(a) incitement to violence
(b) advocacy of hatred or hate speech
(c) malicious injury to a person’s reputation or dignity
(d) malicious or unwarranted breach of a person’s right to privacy.
This is what the Constitution says and not what the Chair says.
Therefore, as aptly specified in Section 119 (1) of the Constitution of
Zimbabwe, and I quote ‘Parliament must protect this Constitution and
promote democratic governance in Zimbabwe’.
Section 148 (1) of the Constitution of Zimbabwe, which is the
bedrock of freedom of speech in Parliament states that; ‘the President of
Senate, the Speaker and Members of Parliament have freedom of speech
in Parliament and in all Parliamentary Committees and while they must
obey the rules and orders of the House concerned, they are not liable to
civil or criminal proceedings, arrest or imprisonment or damages for
anything said, produced before or submitted to Parliament or any of its
Committees’.
The Constitution itself recognises that the privilege of freedom of
speech is not limitless. It is subject to the rules and orders of the House,
meaning that this House may censure any conduct, act or omission
which offends the spirit and letter of the law. The Chair’s ruling is not
meant to gag the freedom of speech of Members of Parliament, but to
regulate it and enhance constitutionalism and the rule of law.
Therefore, as a collorary to this, no Member of Parliament may
make unsubstantiated allegations against any Member of Parliament or
any member of the public, any Member of Parliament who fails to
observe this rule may be liable for censure in this House or be charged
with contempt. The ruling of the Chair clearly stated that no member
shall be allowed to make unsubstantiated allegation against other
members or officers of Parliament or members of the public except by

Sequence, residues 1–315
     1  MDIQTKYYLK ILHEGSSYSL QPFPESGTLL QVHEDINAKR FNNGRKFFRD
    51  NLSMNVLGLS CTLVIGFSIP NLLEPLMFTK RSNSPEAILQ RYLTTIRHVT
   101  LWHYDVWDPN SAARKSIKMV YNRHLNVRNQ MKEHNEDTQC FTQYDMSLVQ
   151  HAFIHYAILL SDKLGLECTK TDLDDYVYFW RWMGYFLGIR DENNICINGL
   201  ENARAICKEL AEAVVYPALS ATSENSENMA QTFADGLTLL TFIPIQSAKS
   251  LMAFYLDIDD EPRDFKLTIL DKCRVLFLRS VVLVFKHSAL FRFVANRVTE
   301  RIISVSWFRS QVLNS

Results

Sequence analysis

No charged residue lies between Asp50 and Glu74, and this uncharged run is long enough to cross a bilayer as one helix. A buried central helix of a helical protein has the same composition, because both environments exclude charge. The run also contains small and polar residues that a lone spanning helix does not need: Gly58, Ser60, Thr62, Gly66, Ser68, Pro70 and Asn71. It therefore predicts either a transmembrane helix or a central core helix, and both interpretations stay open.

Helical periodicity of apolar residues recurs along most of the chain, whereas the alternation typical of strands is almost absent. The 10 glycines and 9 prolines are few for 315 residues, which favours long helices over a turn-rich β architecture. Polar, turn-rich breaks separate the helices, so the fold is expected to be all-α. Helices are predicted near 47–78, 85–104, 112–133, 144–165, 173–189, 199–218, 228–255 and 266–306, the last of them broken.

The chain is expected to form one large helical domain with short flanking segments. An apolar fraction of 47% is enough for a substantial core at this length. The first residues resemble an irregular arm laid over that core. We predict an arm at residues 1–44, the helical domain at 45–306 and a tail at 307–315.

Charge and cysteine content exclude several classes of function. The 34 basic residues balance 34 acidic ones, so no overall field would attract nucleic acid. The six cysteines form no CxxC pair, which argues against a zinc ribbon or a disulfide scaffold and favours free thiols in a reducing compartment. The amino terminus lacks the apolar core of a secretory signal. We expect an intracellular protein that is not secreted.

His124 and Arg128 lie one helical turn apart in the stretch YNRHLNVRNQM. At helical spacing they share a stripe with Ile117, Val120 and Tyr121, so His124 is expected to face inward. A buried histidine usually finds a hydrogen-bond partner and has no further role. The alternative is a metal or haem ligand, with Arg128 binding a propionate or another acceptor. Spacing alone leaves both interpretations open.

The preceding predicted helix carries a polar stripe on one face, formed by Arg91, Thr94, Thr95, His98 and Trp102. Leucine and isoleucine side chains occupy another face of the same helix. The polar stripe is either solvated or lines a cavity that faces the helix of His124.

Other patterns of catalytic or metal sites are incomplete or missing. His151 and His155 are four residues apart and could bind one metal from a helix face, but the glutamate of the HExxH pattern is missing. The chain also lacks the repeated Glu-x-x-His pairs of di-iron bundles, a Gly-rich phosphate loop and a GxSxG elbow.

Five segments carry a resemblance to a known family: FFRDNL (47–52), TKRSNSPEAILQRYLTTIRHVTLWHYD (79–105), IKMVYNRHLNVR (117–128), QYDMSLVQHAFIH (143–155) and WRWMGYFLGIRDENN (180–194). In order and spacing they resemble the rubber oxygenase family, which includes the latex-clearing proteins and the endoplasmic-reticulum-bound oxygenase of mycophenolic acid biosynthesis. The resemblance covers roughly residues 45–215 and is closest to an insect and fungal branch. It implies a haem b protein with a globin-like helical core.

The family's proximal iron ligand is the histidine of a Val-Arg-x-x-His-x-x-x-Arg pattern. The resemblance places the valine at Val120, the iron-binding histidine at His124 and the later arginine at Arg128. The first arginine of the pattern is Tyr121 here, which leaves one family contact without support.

way of a substantive and clearly formulated motion’.
The ruling further stated that, no member shall be allowed to use
this House of Parliament to attack the integrity of the Administration of
Parliament except by using appropriate channels as provided for in the
Constitution of Zimbabwe, particularly Sections 135, 151 and 154 of the
Constitution of Zimbabwe. May I add, this is not to protect anybody in
the Administration of Parliament. If there are any issues, please go to
those three sections of the Constitution and make your case. The
Standing Orders Committee will deal with the matter accordingly.
The ruling of the Chair does not amount to limiting the freedom of
speech of Members of Parliament or as it is fashionably called ‘gagging’
them. Any Member of Parliament wishing to engage in objective and
constructive debate on an improper conduct of any Member of
Parliament should do so by way of clearly substantiated separate motion,
accompanied with verifiable evidence in support of such a motion,
before the Chair can clear it. The Chair’s ruling provided for a procedure
to be followed in conducting debate in this House, should one raise
factual allegations on any Member of Parliament or member of the
public. This is an honourable august House where spurious allegations